April will also be a full month for me, as I travel to the first-ever Retreat for Transgender UU Religious Professionals. This is an event that several of us have been working to make happen for almost fifteen years. Of the 32 transgender religious professionals we are aware of in the UUA, 18 will be attending, along with 2 UUA staff members and an outside facilitator. I will be in California from April 9 – 16 for this event.

This month is full of so many good things–music, celebration, history, creativity, and community! Let’s celebrate together!

Love Will Guide Us,

siggood

Rev. Sean

 

 

We are Searching for a new Music Director

choirMusic is really the heart of Tree of Life. Our nearly thirty-member choir loves to sing all kinds of music. The talent in our congregation is deep and wide, from bluegrass to opera to rock to classical. We have three Haystacks Coffee Houses a year and have launched “The Church of ______” –Sunday services that explore the power of music. This year we’ve enjoyed The Church of Ellington, The Church of Folk (feat. Joe Jencks), and will soon hear The Church of Vivaldi: Spring, and The Church of Rock.

We are looking for a talented, dynamic, adventurous Music Director. Learn more by clicking this link:

Please share this with anyone you think would enJOY leading our music program.

Minister’s Mind: Liberation

Liberation is a word we may hear often, but may or may not think much about. Women’s Liberation, political liberation, even Liberation Theology may come to mind, but may seem distant issues and not part of our own personal lives. This month, we ask ourselves “What does it mean to be a people of liberation?” How does being Unitarian Universalist or a part of the Tree of Life community challenge and inspire us to liberation? (Our own or other’s.)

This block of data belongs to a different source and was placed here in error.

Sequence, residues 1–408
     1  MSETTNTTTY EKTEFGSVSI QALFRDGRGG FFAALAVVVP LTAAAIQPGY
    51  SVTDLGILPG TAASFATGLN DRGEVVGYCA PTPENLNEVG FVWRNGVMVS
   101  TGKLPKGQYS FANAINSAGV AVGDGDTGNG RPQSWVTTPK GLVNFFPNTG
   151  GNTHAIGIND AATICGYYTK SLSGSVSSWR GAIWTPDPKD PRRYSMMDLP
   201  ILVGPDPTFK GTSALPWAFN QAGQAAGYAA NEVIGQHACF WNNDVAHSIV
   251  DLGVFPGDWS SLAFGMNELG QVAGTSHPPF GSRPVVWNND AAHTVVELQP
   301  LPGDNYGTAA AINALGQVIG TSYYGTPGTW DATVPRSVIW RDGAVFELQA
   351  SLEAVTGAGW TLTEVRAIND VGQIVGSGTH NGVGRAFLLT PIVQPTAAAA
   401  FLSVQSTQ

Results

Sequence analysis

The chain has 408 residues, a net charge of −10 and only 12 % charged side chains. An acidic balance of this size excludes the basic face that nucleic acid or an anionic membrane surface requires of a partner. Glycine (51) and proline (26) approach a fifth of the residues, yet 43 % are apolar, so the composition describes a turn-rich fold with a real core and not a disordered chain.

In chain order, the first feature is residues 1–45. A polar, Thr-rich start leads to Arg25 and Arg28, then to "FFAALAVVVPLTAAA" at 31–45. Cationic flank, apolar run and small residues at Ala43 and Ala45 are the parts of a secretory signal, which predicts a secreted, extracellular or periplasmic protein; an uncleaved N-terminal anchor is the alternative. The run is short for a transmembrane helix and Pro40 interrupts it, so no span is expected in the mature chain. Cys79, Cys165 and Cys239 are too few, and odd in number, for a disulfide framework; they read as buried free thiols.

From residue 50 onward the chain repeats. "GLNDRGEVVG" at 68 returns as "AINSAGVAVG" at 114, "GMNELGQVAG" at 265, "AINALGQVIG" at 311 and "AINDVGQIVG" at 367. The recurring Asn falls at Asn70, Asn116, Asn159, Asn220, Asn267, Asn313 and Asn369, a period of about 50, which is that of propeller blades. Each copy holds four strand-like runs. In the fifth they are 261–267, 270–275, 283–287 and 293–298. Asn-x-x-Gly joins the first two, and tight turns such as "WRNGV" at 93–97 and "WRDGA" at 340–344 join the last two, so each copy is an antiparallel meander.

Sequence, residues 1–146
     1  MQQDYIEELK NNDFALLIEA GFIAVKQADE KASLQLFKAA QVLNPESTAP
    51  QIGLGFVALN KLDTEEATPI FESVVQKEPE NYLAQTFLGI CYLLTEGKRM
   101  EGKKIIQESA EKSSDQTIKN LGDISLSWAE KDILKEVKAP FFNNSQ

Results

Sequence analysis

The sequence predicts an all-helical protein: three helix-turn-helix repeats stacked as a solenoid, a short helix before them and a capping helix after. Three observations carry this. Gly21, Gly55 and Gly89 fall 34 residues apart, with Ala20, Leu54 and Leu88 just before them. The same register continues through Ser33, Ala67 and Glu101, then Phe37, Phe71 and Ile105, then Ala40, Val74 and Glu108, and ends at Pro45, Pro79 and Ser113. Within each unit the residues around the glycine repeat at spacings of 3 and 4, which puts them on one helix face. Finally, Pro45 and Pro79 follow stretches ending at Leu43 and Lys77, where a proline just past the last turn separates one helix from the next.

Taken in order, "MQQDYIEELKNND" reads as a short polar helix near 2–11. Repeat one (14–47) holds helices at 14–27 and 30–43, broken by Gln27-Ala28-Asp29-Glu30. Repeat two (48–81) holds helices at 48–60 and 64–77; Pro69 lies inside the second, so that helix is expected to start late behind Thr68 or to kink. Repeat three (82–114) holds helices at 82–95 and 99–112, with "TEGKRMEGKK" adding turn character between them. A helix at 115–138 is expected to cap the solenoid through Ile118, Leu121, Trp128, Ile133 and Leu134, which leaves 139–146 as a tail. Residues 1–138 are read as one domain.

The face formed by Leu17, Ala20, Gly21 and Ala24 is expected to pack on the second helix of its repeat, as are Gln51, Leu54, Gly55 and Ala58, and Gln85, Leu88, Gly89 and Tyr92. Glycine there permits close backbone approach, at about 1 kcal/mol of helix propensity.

In order to know the answer, I think each of us has to take time to look at our life. Have we allowed ourselves to become creatures of habit, living by rote instead of by intention? Have we begun to worry so much about what others will think that we make choices based on fear instead of our real desires and self-knowledge? Have we gotten stuck in unhealthy patterns, even addictions? Do our lives reflect our actual values and passions, or something else, dictated from outside?

We also have to look at the ways we might be a force for liberation beyond ourselves, which can sometimes be tough. What are the things that keep us silent when we could speak out for another’s liberation? Are we more afraid of what will happen if we do speak out than what will happen if we don’t? Has cynicism gripped us so tightly that we don’t even believe we can make a difference? Are we afraid to make a mistake? Do we worry that if we rock the boat we will end up alone?

One thing I know for certain about liberation is that it is far easier to create together than alone. Liberating one’s self, without companions along for courage, strength, and accountability is almost impossible. And liberating our world from greed, prejudice, and hatred is going to take us all–a whole movement of people dedicated to collective liberation. We say it often: No one is free until all are free. What does it mean to live it?

I invite you to talk to me, any member of the board, or each other about what you’d like to see Tree of Life do as a first step to being a people of liberation. Supportive small group ministry? Putting up a “Black Lives Matter” sign? Work to alleviate poverty and homelessness in McHenry county? Let’s get liberating!

Here is a link to the fantastic Soul Matters resource packet on Liberation.

An Update from Our Interns

From Misha Sanders:

After spending all of January commuting to and from downtown Chicago, I can tell you that I am very excited to welcome Spring!  I have been happy to get back into the groove of life here at ToL, after having been mostly absent from worship and office time for a month.  It seemed very long.

My learning time at Meadville Lombard was wonderful, deep, and at times exhausting.  And I loved every minute of it.  Well, almost.

The first class I attended was taught by our Meadville President, Rev.Dr. Lee Barker, and it was called, “Ministry in a Post-Denominational Age’.  It addressed many questions with which Unitarian Universalism, among other faiths and denominations, is struggling.  How will we grow?  Does church still matter?  How can we attract youth?  How will we fund our programs?  How relevant is our message in a world where other faiths are becoming more liberal? What can we try differently to infuse new energy and commitment?  As is the UU way, you won’t be surprised, we came up with far more questions than answers.  It was interesting and exciting to brainstorm possibilities and learn from what is being done successfully already in our faith movement, and in the wider religious world.